You are currently browsing the Chrome archives.

NET::ERR_CERT_INVALID Trick

Thursday, October 22nd, 2015

So here is an utterly ridiculous trick that may actually prove to be quite useful should you ever need it.

With recent Chrome updates, hosts which fail to provide a valid SSL certificate are blocked via a NET::ERR_CERT_INVALID error. This essentially is the result of a secure site failing to provide a valid SSL Certificate in some way. In Chrome, when this occurs, you will see a screen similar to the following:

NET::ERR_CERT_INVALID

Previously one could circumvent this by clicking on a link which would allow you to override the error. However, such links in current builds of Chrome are no longer provided.

Interestingly, the work around for this is simple, bordering the ridiculous. Just focus on the page and type “danger“. The page will then automatically refresh and load as if the certificate was valid from that point on.

Obviously you want to be mindful of this work around (e.g. only using it for known hosts, such as a dev environment, etc., as was the case in my example).

Clearing Web Notifications Permissions in Chrome

Tuesday, December 3rd, 2013

When implementing features which leverage HTML5 Web Notifications, specifically in Chrome, it can be rather convenient to have the ability to clear notification permissions from the host for which the feature is being implemented.

As would be expected, Chrome allows for easily managing any setting; however, one needs to navigate through quite a few of Chrome’s settings in order to locate Web Notification permissions, the path to which being:
Settings > Show advanced settings… > Content Settings > Notifications > Manage Settings…

Navigation of settings can be simplified by using Chrome’s Search box, which allows for quickly navigating to any specific setting:

While Chrome’s settings Search feature is quite useful, it still requires more interactions then desired. Fortunately, there is an even simpler approach for quickly accessing a specific setting, in this case, Notifications.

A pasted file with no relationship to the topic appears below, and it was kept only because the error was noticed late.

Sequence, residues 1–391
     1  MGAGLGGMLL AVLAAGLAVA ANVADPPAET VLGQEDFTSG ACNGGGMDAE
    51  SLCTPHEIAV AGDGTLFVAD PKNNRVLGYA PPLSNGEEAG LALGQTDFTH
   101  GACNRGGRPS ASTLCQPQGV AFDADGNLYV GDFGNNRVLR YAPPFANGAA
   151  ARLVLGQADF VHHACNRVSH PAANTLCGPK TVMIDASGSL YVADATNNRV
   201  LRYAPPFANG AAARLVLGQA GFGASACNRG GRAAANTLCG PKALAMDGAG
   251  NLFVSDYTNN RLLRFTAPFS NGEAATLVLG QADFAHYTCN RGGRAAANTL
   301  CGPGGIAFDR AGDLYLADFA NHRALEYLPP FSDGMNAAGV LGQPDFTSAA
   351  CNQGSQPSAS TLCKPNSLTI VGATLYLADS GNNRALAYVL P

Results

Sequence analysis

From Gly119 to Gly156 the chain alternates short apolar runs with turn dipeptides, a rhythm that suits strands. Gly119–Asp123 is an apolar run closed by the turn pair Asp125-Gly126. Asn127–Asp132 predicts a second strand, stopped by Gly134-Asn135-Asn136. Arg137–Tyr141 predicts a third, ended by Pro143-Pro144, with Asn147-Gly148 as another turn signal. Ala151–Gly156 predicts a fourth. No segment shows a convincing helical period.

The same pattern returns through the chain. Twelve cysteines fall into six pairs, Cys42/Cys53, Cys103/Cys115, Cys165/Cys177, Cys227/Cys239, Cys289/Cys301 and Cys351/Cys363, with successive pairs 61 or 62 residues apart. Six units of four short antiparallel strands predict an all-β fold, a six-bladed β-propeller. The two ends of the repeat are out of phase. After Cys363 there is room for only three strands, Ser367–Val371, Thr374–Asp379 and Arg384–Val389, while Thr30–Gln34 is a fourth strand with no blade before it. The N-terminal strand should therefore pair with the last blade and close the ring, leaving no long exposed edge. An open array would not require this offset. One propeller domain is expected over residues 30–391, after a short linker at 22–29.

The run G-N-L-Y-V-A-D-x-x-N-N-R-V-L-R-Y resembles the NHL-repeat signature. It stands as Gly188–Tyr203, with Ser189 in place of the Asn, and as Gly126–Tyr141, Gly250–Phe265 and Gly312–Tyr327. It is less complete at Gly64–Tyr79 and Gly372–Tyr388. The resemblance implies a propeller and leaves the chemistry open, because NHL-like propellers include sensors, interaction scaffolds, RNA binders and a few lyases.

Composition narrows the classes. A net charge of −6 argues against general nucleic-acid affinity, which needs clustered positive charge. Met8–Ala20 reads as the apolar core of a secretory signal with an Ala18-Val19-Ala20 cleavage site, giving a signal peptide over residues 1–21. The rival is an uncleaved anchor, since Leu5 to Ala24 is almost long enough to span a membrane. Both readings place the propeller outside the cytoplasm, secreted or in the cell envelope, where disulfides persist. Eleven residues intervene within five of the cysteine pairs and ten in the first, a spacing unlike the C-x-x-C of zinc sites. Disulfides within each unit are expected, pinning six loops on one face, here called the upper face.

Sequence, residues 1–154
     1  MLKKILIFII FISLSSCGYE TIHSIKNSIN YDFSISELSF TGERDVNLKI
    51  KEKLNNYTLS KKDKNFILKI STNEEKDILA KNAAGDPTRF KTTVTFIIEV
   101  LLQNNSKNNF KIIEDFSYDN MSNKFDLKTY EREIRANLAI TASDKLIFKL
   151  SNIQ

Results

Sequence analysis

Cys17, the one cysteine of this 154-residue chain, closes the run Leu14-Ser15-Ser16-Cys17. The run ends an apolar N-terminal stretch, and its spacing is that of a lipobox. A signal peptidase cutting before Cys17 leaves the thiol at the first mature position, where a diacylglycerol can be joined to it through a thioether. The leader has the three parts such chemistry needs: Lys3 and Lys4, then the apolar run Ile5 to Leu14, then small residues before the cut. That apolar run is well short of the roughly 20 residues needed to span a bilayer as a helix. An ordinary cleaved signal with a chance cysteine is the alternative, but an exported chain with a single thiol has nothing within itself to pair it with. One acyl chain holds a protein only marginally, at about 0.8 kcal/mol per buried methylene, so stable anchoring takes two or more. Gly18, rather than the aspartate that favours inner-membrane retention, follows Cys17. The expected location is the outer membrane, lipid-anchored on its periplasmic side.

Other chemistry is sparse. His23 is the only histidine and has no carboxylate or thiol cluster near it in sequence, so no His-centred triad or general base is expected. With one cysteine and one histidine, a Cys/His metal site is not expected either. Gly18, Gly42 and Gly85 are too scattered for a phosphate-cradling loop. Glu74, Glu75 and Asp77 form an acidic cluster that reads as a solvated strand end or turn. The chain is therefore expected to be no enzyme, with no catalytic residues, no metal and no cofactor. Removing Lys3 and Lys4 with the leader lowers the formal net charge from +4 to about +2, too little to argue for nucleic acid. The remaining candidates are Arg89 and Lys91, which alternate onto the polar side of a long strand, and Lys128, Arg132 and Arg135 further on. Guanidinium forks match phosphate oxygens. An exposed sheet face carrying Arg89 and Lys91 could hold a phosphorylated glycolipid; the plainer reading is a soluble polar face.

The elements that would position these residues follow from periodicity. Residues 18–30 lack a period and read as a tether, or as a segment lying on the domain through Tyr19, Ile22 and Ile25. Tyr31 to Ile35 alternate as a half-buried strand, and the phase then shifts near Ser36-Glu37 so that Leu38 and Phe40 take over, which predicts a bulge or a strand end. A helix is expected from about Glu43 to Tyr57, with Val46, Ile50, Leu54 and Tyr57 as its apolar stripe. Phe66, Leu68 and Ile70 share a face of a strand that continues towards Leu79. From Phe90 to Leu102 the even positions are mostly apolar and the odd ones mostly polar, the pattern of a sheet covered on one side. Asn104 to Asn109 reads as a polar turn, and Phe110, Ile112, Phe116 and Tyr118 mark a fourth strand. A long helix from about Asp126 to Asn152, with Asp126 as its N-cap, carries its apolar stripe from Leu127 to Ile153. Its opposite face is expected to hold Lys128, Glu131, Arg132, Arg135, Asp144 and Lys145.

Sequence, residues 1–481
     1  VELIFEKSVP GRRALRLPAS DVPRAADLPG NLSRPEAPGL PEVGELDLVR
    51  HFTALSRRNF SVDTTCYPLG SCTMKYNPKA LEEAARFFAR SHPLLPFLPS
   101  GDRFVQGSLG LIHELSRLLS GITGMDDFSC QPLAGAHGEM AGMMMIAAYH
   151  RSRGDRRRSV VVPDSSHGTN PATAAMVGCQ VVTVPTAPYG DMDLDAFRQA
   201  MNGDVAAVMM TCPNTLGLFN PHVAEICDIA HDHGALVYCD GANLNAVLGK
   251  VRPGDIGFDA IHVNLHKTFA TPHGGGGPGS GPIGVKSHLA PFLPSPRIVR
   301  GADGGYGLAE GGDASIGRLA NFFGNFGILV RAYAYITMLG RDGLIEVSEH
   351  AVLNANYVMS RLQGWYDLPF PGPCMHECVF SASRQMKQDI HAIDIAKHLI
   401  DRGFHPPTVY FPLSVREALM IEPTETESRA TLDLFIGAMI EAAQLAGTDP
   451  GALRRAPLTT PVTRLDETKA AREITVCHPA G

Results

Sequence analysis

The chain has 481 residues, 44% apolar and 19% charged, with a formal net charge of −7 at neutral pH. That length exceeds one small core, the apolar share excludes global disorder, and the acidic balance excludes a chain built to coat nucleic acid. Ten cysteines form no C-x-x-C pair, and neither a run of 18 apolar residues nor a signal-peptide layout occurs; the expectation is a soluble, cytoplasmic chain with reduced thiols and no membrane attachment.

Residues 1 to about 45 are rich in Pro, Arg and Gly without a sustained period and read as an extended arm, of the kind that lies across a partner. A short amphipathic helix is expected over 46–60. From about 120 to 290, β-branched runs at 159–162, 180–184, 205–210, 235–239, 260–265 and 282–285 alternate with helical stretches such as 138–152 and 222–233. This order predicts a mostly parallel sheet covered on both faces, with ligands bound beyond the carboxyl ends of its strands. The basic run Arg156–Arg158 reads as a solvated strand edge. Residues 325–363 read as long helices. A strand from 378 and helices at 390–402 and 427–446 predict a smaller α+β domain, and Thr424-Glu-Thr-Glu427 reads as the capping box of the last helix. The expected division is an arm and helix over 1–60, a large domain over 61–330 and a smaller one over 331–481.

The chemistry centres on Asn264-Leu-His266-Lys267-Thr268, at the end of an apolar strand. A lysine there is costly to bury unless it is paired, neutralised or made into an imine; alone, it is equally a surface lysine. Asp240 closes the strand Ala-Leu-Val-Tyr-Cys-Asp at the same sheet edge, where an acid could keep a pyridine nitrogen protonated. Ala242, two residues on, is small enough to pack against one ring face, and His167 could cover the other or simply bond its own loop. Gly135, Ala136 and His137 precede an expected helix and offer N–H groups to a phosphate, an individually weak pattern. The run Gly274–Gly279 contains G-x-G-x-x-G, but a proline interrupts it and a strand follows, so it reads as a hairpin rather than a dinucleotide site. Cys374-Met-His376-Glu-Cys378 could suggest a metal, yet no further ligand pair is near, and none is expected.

Simplifying Clearing Web Notification Permissions

Web Notification Settings can be directly accessed for all hosts via the following path:
chrome://settings/contentExceptions#notifications

As with any URL protocol, the above path can be bookmarked, allowing for easy and convenient management of Notifications.

Bookmarking Chrome Settings

While the focus here may be on the topic of managing Web Notification settings, it is important to note that any Chrome setting can be bookmarked as a convenience shortcut for quickly navigating to any given setting. For instance, Chrome’s cache setting can be bookmark at:
chrome://settings/clearBrowserData

Then, commonly used settings can be accessed simply from their respective bookmarks:

Styling HTML5 placeholder attribute text

Saturday, June 15th, 2013

HTML5 placeholder attributes can be leveraged to provide a convenient means of indicating required input formats.

By default, browsers typically implement placeholder attributes as light-grey text. As with all default user agent styles, one will feel compelled to define custom selectors to provide application specific styles to elements, placeholder attributes included.

Styling Placeholder Text

Styling placeholder attributes on input and textarea elements is rather simple; however, one should take care to keep style declarations limited to those of a textual nature; e.g. color, font-size, font-family, etc.

As it stands, HTML5 placeholder attributes can be styled with pseudo-elements in WebKit, and pseudo-classes in both Firefox and IE10; all of which (currently) require vendor prefixes.

Placeholder attribute text can be styled for all supported input element types (text, search, url, tel, email, and password) as follows:

As can be seen, defining styles for placeholder attribute text is quite simple, and such styles can be employed to add subtle enhancements to form elements in modern web apps quite nicely.

Quick Tip: Chrome Developer Tools Shortcut Keys

Wednesday, November 21st, 2012

Sometimes it is the more subtle, less obvious features provided by tools which prove to be surprisingly useful. Interestingly, while such features can save developers considerable time and effort, they are often much less apparent, and thus, occasionally overlooked when compared to their main counterparts.

A noteworthy example of some very simple, yet extremely useful features can be found in just a few of the basic Chrome Developer Tools shortcut keys. Below is a brief description of the most convenient shortcuts I find myself using regularly.

Go to Source (Cmd-O)

Perhaps the most useful short-cut available in the sources panel, Cmd-O allows one to quickly search for a specific source file (thanks to @augiemarcello for this one):
Chrome Developer Tools Command-O

Show Functions (Cmd-shift-O)

Another extremely useful feature in the Sources Panel, Cmd-shift-O displays a list of all functions and their corresponding line numbers within the current source file:
Chrome Developer Tools Command-Shift-O

Clear Console (Cmd-K/)

Clears the console when in focus:
Chrome Developer Tools Command-k

Previous/Next Panel (Cmd-[ / Cmd-])

Toggles between Developer Tools Panels (e.g. Elements, Resources, Network, Sources etc.):
Chrome Developer Tools Command-[]

There are quite a few additional shortcut keys available in Chrome Developer Tools, and Jared has done a excellent job of providing a Devtools cheat sheet. I highly recommend trying some of them out; committing to memory those which you find most useful – and sharing them with others as well.